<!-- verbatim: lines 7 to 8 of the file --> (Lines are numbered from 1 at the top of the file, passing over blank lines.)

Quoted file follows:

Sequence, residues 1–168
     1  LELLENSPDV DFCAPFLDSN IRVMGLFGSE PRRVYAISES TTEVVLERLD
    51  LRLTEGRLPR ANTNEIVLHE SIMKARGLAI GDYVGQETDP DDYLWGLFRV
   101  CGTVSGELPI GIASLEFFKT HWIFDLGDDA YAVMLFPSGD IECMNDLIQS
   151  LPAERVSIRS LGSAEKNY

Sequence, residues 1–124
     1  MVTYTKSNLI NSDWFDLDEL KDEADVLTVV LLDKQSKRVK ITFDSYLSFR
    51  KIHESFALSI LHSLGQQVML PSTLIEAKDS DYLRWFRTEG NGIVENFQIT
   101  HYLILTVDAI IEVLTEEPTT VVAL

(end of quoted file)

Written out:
     1  MVTYTKSNLI NSDWFDLDEL KDEADVLTVV LLDKQSKRVK ITFDSYLSFR
    51  KIHESFALSI LHSLGQQVML PSTLIEAKDS DYLRWFRTEG NGIVENFQIT